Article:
By Walter J. O’Neill, Jr
For decades his name was a fixture on the lips of Catholics and non-Catholics in our area. Monsignor Paul Bradley was Pastor of St. Michael’s Church in West End from 1969-1989.
I was one of the very fortunate people to have known Monsignor Bradley outside of the church setting. We often spoke about his devotion not only to God, but to the country he loved and served.
During World War II, Father Bradley served as a regimental chaplain of the 28th Marines, 5th Marine division. It was the group that raised the immortal flag on Mount Suribachi in Iwo Jima.
When those Marines were raising the flag, Father Bradley was at the bottom of that hill holding Mass for servicemen. “Padre” as he was called by the men in his regiment, was awarded the Bronze Star for outstanding bravery and valor, and the Purple Heart for a wound caused by mortar fragments.
I asked Monsignor Bradley once if he found any conflict in being a priest and fighting in a war zone. He smiled at me and said, “I am not a conscientious objector, and I will protect the country and do God’s work.”
His military career spanned 27 years, and included tours in Korea and Vietnam. He was awarded many medals and citations over the nearly three decades in the Navy.
On July 10, 2005 Monsignor Bradley passed away. However, he left a legacy that will be remembered forever, thanks to Larry R. Cappetto. Cappetto is a documentary filmmaker who created the award-winning documentary series “Lest They Be Forgotten” He has appeared on CBS Evening News, Fox Television, and other major networks.
Cappetto has earned the title “military historian” and gained the respect of the United States Armed Forces. He was the recipient of the prestigious George Washington Honor of Medal given by the Freedom’s Foundation.
“I’ve never met a priest like Father Bradley before. He was a one-of-a-kind. He truly brought joy into my life and I was proud to call him my friend,” said Cappetto. He added that during his military career, Father Bradley delivered many inspiring sermons, which drew men of all ranks and faiths to his services.
“His charismatic presence, devotion to duty and faith improved the moral and spiritual well-being of all personnel, regardless of rank, race or creed.”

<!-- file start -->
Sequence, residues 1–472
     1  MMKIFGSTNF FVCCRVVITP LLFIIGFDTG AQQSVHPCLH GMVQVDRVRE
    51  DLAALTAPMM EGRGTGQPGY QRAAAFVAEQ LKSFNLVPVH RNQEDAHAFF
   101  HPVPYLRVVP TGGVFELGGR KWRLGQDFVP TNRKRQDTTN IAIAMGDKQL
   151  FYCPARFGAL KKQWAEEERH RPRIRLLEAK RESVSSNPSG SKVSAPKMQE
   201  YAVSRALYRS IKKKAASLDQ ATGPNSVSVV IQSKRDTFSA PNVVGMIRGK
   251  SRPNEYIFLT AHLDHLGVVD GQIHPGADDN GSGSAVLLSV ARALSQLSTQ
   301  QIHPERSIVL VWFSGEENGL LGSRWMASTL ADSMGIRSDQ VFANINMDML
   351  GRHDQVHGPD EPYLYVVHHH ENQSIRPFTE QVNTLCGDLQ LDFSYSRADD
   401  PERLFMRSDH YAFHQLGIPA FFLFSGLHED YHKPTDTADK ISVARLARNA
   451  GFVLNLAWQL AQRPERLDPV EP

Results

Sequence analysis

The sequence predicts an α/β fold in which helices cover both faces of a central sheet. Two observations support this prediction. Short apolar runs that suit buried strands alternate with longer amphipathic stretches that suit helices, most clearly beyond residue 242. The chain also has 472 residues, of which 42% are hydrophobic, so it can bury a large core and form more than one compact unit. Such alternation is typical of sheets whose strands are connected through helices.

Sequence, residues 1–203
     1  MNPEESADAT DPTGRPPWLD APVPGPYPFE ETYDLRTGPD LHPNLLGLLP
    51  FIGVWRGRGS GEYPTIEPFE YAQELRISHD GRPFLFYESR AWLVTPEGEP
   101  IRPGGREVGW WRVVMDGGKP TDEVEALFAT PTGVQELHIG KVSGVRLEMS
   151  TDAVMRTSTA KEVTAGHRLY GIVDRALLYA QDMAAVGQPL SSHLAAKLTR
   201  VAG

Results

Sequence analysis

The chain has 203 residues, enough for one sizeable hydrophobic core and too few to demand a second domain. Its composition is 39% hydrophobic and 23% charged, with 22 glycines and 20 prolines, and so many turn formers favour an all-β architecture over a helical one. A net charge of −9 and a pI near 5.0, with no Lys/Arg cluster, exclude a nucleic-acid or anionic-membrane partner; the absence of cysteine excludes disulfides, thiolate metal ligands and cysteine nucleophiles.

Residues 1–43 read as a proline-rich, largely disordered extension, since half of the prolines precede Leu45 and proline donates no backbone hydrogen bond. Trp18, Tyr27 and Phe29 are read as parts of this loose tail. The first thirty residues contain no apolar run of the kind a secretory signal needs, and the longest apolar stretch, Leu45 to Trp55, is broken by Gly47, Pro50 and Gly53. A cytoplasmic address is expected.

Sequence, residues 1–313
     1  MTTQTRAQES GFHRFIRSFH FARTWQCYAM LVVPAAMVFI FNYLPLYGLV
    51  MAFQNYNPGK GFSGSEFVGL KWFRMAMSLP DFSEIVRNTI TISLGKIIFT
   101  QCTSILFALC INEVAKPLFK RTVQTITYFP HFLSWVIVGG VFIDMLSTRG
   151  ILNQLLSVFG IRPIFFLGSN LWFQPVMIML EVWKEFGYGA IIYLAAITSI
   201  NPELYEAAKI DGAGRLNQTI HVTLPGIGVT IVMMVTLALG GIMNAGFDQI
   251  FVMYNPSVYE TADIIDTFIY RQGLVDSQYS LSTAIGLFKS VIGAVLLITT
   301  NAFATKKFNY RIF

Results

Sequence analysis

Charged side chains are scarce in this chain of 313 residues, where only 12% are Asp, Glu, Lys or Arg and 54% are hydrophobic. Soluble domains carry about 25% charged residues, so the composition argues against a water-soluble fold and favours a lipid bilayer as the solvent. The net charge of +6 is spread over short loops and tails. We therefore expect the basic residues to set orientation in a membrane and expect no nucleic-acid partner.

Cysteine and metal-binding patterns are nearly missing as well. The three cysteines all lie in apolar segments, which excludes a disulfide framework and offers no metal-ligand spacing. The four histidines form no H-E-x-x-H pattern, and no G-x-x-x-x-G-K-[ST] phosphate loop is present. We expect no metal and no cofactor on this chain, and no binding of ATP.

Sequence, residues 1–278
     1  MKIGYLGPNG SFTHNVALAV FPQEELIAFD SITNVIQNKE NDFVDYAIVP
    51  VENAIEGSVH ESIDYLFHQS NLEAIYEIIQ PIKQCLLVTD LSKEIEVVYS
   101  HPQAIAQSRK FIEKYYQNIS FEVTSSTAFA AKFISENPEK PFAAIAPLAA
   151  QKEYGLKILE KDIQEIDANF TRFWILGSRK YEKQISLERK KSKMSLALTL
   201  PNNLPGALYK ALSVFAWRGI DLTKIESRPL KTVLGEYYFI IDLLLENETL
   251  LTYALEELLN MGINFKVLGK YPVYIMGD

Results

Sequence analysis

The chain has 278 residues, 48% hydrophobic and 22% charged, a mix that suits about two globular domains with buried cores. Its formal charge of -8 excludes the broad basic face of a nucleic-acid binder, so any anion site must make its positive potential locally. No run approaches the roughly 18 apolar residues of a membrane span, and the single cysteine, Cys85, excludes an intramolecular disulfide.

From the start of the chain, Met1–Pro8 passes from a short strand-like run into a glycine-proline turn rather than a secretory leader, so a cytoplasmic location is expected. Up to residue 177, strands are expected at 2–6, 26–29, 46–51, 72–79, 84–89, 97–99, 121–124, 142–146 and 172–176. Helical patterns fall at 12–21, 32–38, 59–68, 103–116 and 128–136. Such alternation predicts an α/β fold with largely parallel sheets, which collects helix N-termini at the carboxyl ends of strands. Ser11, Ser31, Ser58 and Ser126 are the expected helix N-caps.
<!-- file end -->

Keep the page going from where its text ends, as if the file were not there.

Monsignor Bradley had a stellar military career, but his influence extended far beyond those years. He reached countless of thousands of parishioners and those he visited were often in hospitals. As one man once said, “You were never the same after being in his presence.”
“Over the years as a pastor he brought many back to the fold who had gone astray, while strengthening and inspiring those of faith,” said Cappetto. “A humble servant, anointed and called of God, revered by his peers, a Marine’s Marine.”
The premiere of Cappetto’s latest documentary, “Fr. Bradley Remembered – A Journey of Faith,” will be held in Long Branch on Friday, July 10, at 6:00 p.m. in the auditorium of the Long Branch Middle School.
“There is no admission fee and this event is open to the public,” said Cappetto. “I would like to thank Dr. Michael Salvatore, Superintendent of Schools, and the Board of Education members for allowing the debut of this film in the city that Monsignor Bradley loved.”
In the words of Monsignor Bradley, “Keep your eye on the ball, feet in the stirrups, hand on the plow, nose to the grindstone, shoulder to the wheel, ear to the ground and to view the present situation with such alarm that you will pray daily, attend mass every Sunday, receive Holy Communion frequently and write home every week.”
To view the trailer visit: https://vimeo.com/104029533
You can also contact Cappetto at 970-243-2977 or email [email protected] or George Schroeder at 732-681-1744.